The heat of summer is over, and the refreshing, cool, long evenings of autumn are again welcomed by our Craftsmen. It is the season of Masonic labor, and the Lodge Halls will now be again filled with workmen who should strive to emulate each other in the endeavor to best work and best agree. We need not urge the duty of Lodge attendance, for all the members of the Order know full well that it is their duty to be present at Lodge meetings, and bear their part in the necessary labors. But it is one thing to know duty and quite another thing to do it. We often meet with grumbling members, who are full of complaints about the work done in the Lodge to which they belong; unfit material they say is admitted, and almost every thing done wrong. When asked why this is so, and if they were present when bad material was permitted to enter, they say they are rarely present at the Lodge meetings, business will not permit, or they have grown disgusted about some matter or other, and withdrawn or absented themselves from the Lodge. Now they can hardly speak cheerfully of the institution. Yet they pretend to have lost none of their love of Masonry, and would be glad to have matters in their Lodge go differently. But they stay away from the Lodge meetings and spend their time grumbling because the work is not done to suit them! I always have a rebuke for such members. Why do they not attend the Lodge and work for its interests ? Why do they permit bad material to enter the Lodge, when by being at the post of duty they could so easily prevent it? Why will they permit bad work to be done without using at least their influence to correct it? I have no patience with such Masons. Let all the members be prompt in Lodge attendance and support the Master in his work, and each fill his place and do the work allotted to him. The Officers of Lodges especially, should be prompt in attendance, and always in their places, and never behind time, unless prevented by some unavoidable circumstance. Thus they will be examples of

promptitude to the Brethren. Especially should the Master be on time. Nothing is more deplorable, not to say aggrivating, than to have the Master behind time, and the Brothers anxiously awaiting his arrival.

And now is the time to subscribe for our Michigan FREEMASON. The evenings are long, and there is more time to read. The Brethren need it, and we need their patronage.

It should be taken by every Mason in the State.


He was

We are grieved to have to apologize for the inaccuracies in this and previous numbers, occasioned by inattention of our proof-reader. We had engaged a party to attend to the reading of the first two forms of each number, we to pay him for so doing. commended to us as fully competent. He did read a few numbers of our journal with care, and then neglected his duty, and permitted the forms to go to press full of errors. The excellent story of Bro. Coffinberry is greatly marred by these errors, and he is justly indignant over the matter. We can only say that we feel as indignant as any one concerned, and we will try to remedy the evil in future.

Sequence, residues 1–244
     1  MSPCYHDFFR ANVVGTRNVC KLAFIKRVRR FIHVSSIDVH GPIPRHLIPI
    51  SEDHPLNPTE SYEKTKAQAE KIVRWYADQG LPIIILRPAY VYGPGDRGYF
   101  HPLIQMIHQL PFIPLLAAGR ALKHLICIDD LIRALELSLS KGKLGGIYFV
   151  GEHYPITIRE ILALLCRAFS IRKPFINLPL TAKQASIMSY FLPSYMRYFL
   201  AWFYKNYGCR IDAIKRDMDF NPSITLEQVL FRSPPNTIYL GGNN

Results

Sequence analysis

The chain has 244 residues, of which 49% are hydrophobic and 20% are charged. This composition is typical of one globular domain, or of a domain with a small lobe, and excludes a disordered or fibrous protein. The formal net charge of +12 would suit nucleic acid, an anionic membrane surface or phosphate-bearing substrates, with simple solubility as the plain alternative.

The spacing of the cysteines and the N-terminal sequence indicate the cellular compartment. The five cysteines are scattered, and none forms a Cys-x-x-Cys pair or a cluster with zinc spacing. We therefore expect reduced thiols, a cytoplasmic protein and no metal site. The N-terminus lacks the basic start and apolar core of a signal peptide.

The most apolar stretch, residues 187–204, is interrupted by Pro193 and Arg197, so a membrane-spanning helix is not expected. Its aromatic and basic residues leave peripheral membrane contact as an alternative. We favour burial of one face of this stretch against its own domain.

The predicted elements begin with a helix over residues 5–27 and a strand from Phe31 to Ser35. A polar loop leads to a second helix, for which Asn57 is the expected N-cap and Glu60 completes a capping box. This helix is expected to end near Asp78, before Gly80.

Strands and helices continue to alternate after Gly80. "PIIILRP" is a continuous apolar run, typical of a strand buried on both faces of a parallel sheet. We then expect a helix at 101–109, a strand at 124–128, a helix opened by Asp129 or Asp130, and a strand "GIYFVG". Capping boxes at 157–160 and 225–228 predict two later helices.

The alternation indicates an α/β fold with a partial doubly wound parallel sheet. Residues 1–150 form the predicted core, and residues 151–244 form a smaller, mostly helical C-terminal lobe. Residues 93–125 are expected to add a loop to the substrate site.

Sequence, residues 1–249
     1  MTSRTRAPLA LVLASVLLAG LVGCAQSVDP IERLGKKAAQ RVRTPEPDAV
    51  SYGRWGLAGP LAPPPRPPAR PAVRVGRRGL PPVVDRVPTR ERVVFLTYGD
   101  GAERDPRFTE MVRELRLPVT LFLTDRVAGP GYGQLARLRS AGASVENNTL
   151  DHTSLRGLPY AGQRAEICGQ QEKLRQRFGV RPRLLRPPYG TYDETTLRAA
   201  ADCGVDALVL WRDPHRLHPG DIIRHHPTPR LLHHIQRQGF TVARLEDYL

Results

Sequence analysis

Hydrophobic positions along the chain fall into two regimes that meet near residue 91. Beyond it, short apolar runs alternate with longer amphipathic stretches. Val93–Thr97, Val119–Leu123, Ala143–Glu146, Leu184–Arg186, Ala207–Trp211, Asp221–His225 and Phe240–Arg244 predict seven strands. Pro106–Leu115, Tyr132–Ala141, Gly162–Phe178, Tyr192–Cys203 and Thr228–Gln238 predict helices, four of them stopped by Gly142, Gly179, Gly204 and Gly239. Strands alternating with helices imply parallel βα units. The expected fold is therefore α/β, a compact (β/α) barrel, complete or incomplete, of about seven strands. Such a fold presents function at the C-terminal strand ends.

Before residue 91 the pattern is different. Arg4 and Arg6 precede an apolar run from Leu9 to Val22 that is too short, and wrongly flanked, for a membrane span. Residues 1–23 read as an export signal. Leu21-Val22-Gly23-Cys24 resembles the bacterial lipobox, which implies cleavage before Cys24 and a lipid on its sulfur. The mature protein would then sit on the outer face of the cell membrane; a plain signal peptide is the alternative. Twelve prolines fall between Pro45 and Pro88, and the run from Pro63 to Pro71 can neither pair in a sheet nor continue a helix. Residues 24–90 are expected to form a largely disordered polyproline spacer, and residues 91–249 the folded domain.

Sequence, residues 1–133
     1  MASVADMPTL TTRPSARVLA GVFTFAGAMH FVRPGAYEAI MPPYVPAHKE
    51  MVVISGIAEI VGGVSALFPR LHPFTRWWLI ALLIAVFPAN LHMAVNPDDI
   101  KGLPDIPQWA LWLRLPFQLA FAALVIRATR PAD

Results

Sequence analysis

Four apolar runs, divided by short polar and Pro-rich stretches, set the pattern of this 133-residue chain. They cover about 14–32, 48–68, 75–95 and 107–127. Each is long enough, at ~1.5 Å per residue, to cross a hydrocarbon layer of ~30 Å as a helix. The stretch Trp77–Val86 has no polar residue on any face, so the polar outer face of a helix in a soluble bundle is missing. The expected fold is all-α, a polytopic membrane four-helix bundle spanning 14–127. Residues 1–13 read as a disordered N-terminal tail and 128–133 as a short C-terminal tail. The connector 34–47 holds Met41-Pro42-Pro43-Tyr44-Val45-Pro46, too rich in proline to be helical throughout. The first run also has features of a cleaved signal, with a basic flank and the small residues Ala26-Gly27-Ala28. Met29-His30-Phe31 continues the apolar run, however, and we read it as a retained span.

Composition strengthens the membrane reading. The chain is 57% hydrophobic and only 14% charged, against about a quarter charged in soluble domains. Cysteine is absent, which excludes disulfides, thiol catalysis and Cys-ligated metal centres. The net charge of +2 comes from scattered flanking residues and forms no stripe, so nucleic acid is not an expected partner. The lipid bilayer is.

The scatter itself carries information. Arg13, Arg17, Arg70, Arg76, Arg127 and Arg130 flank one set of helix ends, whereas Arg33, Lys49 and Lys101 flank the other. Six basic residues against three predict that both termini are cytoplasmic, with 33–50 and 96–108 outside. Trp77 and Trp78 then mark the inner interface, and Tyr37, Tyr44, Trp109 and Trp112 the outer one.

Since the above was put in type, we have had a conference with the proprietor of the printing house where our work is done, and we are assured that future numbers shall appear free from the errors complained of.


We are in receipt of several new books, a notice of which will appear in our next.

Mr. C. Smith lays us under special obligations. He is agent for the sale of the McGuffey series of School Readers, and a new and improved set of copy books issued by a Cincinnati publishing house. We commend Brother Smith as a gentleman, who is thoroughly skilled in matters pertaining to education. Of the books in a future issue.

PENINSULAR LODGE of Dowagiac, is one of the most vigorous growing Lodges in the State. Though young it is nearly or quite free of debt, with a very fine, well furnished Hall, in which they have recently placed an organ at the cost of some five hundred EDITORIAL GOSSIP.


Past Grand Master Metcalf has returned home from his tour north much recruited in health and able to resume his business. He greatly enjoyed his trip, and hopes to be able to give a brief account of it in this journal. We never had a more faithful worker in the Grand East than he, and it will rejoice the many friends of Br. M. to hear of his better health.

We recently made a brief call at Charlotte, and during our stay visited the new Masonic Hall which will be ready for consecration about the middle of October, should there be no unseen detention. The suit of rooms will be most ample, and will be surpassed by few in the State. We hope to be with the brethren on the festive day of dedication.

As we go to press with our present issue the General Grand Chapter and the Grand Encampment of the United States are about assembling in triennal convocation in Baltimore. There is no doubt that this will be one of the largest Masonic assemblages that ever convened in this country. The Sir Knights of Michigan go via the Michigan Central and Great Western of Canada, and are to be transported from Detroit to Baltimore and return, including board, for $25. We hope to receive a full account of the doings at Baltimore for our October issue.

Bro. C. W. MOORE says in the September issue of his excellent journal, “ The Grand Lodge of Canada (Ontaria,) very unwisely refused at its recent communication, to recognize its sister Grand Lodge of Quebec, and has thereby continuerl an unavailing quarrel between the two bodies, which can only result in the injury of both, and the mortification of their brethren everywhere." To all which we fully subscribe. It is high time this unnatural quarrel was ended.

THE “kidnapped girl recovered through the efforts of the Masnoic Fraternity” at Lansing, proves to be a myth of the Munchhausen family. The Detroit Free Press is entitled to great credit for its enterprise in collecting news of all kinds, including Masonic, but this time it seems to have been victimized.

THANKS to Brother Gouley of the St. Louis Freemason for a photo of his genial countenance. We will comply with his wishes when we shall find an artist who dares to operate on our homely face! Brother Bingham, of this city, gives us some encouragement that he will try his skill when the weather is favorable.